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Air Force Mistakenly Bombs Stuntman’s Museum
Washington, February 19, 2002
In an action reminiscent of President Bush’s Monday verbal gaffe which sent the Japanese currency market plummeting, the US Military apologized today for mistakenly bombing stunt rider Evil Knievel’s Motorcycle Museum in Butte, Montana yesterday. Advertised nationally as “The Axles of Knievel”, the museum was apparently targeted by an overzealous Air Force Intelligence staffer at Colorado Springs National Reconnaisance Office, who took the President’s State of the Union Address too literally.
And apparently, it was not the first such mistake. A few hours later, a US Navy spokesperson acknowledged that they recently had accidentally shelled a retail outlet in Galveston, Texas specializing in tools and art supplies called “Axes and Easels.” Yet a further gaffe was revealed tonight, as the US Marines confided that a week ago Marines landed at a suspected enemy training camp in Louisiana that turned out to be a breeding farm for various rodents, called “Access to Weasels.”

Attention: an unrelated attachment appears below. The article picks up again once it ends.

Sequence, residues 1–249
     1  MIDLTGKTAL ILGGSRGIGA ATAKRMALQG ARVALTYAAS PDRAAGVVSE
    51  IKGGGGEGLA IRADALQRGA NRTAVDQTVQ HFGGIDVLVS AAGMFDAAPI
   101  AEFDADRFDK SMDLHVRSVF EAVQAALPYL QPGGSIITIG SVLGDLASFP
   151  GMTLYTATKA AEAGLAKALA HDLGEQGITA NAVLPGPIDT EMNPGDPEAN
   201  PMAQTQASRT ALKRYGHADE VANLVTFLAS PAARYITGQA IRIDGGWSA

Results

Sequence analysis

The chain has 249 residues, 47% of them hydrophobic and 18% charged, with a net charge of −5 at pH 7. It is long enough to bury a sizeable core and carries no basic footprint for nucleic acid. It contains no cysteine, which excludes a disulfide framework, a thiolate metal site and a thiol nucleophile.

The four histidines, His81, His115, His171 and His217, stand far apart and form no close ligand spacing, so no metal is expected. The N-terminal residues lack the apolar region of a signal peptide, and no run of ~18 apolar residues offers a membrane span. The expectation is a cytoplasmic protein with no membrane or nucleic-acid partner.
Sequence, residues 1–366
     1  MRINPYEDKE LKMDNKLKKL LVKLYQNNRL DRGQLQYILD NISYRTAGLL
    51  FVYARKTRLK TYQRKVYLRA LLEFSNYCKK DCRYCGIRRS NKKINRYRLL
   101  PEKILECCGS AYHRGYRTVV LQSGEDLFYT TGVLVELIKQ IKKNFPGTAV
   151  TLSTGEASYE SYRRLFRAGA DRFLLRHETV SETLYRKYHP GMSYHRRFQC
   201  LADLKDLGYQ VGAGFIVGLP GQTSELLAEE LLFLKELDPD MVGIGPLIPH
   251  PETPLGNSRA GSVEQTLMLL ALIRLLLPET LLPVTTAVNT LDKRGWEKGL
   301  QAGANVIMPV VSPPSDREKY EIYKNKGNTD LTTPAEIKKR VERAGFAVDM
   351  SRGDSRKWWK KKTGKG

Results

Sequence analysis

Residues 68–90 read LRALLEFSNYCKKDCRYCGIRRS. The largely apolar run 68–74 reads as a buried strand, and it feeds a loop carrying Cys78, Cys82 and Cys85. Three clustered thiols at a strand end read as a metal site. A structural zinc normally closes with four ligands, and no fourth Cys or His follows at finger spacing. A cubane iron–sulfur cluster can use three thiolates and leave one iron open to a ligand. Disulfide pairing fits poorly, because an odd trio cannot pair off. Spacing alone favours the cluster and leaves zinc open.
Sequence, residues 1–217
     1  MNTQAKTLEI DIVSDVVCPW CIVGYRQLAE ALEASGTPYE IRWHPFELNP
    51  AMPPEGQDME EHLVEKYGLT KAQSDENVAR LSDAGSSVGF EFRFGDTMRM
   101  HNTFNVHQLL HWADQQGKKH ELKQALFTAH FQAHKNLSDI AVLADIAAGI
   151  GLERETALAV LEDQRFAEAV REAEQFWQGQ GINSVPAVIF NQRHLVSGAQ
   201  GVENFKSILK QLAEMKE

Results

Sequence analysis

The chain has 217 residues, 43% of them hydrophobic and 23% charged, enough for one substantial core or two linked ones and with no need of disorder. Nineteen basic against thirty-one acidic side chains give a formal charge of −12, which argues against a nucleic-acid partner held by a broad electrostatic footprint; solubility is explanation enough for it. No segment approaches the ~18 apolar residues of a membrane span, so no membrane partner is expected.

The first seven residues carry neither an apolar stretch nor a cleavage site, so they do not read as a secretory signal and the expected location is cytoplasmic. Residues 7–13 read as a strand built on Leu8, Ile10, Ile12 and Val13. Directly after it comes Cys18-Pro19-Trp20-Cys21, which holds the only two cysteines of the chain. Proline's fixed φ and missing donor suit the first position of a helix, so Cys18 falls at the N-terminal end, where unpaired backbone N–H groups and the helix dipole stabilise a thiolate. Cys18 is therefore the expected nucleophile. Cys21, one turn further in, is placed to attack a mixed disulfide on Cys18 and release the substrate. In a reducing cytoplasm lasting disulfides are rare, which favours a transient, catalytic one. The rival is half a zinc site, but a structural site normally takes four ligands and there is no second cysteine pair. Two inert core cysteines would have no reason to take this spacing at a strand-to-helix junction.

Asked to explain the rash of mistakes, Presidential spokesperson Ari Fleischer responded, “Gosh, it’s clear that our military love our President, and will do anything for him. It's not their fault they can't always figure out exactly how.” Fleischer went on to explain that the military has had to lower intelligence scores to maintain readiness.
“But we don’t feel that what a man lacks in his head counts as much as what he has in his heart. President Bush has demonstrated that himself many times,” Fleischer explained.
Fleischer went on to suggest that a recent statement by the President that he barely knew Enron’s Kenny Lay, contradicted yesterday by the release of dozens of letters between the two by the Texas Archives, may have been a similar misunderstanding.
“I’m sure that what the President thought he heard was: did he know ‘he can eat Lay’s’ as in the potato chip. And as we all know the President has stayed away from all snack foods since a recent incident.”
One critic of the President was quick to pounce on that defense.
“Next thing you know he’ll say he confused raising the arsenic standard with the ‘arse-lick’ one,” growled Rep. Barney Frank.
President Bush’s confusion of the words “devaluation” and “deflation” led to a brief currency crisis in Japan Monday, until State Department officials were able to correct the error.